Pride flags in Provincetown, Massachusetts, one of the largest and most famous Pride celebrations in the US.
UU Church Today, Practice & Voice, BeyondBelief


First, An Announcement.

Like every June, soon All Souls will gather everything we own with rainbows and plaster it all over our bodies and parade float to march, dance, sing, and sweat our way down Boston Avenue.  Please come join us for float building and parade time! Watch future church communications for more details.

Tulsa Pride Festival organized by Oklahomans for Equality will be from Friday, June 23rd to Sunday, June 25th with events at Guthrie Green and Dennis R. Neill Equality Center. More information on the festival can be found at Oklahomans for Equality website.

Pride Comes Before a Fall?

According to The Definition of Words, the first and most common definition of the word pride is “a feeling of self-respect and personal worth”.  We all have different relationships with the concept of pride. 

“Pride goes before destruction, a haughty spirit before a fall.” 

We have all heard this quote from the chapter of Proverbs in the Christian Bible, and we have likely heard it used as a weapon against someone.  As a marker for sin, human failing, and shame.  The literal opposite meaning of our most common understanding of pride.  So, if our common relationship with the concept of pride is so mixed, why do queer people revel in pride?

All Souls at Tulsa Pride 2021. Photo by Bonita James.

Why Are Queer People So Proud?

I asked some of my queer therapist siblings to share with me their relationship to the concept of pride.  Christa shared,

”I want to be intentional about letting Pride be a spiritual space… to nurture my inner queerdo pieces that were suppressed to survive.”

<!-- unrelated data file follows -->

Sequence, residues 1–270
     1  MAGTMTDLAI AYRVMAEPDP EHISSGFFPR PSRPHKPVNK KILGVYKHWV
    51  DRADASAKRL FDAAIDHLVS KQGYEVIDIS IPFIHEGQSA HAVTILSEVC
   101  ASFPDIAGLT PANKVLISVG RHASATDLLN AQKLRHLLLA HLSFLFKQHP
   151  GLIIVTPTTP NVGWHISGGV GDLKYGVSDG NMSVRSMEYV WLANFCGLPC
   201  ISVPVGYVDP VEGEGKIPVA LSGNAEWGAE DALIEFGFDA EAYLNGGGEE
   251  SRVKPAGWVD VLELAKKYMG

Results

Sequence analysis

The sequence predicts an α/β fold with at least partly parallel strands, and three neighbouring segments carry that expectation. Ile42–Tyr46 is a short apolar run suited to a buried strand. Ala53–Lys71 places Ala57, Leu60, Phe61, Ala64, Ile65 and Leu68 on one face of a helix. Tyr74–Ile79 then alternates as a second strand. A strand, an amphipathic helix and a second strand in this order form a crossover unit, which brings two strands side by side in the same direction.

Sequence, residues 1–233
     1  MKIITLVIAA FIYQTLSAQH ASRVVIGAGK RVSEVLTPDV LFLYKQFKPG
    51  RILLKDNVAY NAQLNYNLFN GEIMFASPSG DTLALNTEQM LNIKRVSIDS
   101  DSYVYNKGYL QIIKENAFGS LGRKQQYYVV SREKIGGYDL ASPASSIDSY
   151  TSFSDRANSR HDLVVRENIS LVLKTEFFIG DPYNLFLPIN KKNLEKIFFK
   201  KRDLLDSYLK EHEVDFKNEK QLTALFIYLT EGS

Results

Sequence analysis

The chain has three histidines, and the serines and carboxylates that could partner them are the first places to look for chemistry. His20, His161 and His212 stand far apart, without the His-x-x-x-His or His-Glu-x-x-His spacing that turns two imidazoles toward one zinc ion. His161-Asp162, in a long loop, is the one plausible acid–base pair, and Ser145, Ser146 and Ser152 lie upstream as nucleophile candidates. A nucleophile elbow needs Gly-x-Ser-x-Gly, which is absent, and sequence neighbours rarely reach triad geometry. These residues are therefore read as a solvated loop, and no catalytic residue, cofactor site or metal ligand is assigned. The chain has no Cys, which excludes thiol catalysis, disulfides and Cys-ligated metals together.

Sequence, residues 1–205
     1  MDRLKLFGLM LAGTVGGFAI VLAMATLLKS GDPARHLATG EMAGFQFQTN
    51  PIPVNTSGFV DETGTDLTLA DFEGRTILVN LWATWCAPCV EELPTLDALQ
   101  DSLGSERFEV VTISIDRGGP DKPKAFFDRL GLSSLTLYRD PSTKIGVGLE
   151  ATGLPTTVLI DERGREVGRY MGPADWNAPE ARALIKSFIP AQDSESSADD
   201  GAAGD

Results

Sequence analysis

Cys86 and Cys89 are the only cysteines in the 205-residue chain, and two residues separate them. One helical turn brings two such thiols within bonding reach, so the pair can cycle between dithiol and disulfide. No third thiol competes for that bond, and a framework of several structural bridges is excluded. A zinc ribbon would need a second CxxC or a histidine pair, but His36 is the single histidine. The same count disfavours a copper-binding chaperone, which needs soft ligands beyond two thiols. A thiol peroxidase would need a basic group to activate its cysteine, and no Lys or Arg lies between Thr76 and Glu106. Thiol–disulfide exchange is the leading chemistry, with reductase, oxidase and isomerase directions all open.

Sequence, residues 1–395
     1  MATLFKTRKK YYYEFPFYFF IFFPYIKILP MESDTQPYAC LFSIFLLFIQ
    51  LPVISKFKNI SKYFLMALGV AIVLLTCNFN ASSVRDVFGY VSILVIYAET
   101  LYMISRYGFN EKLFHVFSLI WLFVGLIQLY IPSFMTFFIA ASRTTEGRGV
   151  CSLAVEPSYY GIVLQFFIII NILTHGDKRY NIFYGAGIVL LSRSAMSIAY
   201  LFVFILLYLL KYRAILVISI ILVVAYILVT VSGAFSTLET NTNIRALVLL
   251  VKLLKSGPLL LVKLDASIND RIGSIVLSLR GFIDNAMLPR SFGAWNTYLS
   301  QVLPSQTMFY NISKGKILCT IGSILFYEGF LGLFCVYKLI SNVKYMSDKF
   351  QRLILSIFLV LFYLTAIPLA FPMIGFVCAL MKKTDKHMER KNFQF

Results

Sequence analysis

For them, pride is a tool to rehabilitate their injured self-worth that is at least partly tied to how they molded themselves to survive environments that didn’t accept them wholly. 

Pride is a part of resilience.  

The elements of resilience are well researched and commonly referred to as the 7 C’s of Resilience.  Pride correlates to the C of Confidence which encourages us to believe in our ability to recover from adversity and to overcome difficult experiences.  It’s part of us becoming whole, independent, and emotionally responsible adults which many of us are not taught by our first families.  Especially, when you’re queer.

When we drown ourselves in rainbows and dance down a public street in bizarre outfits, we’re re-parenting ourselves in defiance of the patriarchal structures in which we were raised.  And maybe also bracing ourselves to throw a few bricks, someday soon.

April Starr is an All Souls member and marriage and family therapist specializing in queer-affirming practice.

Cover photo: Pride flags in Provincetown, Massachusetts, one of the largest and most famous Pride celebrations in the US. Credit: Tim Grafft/MOTT

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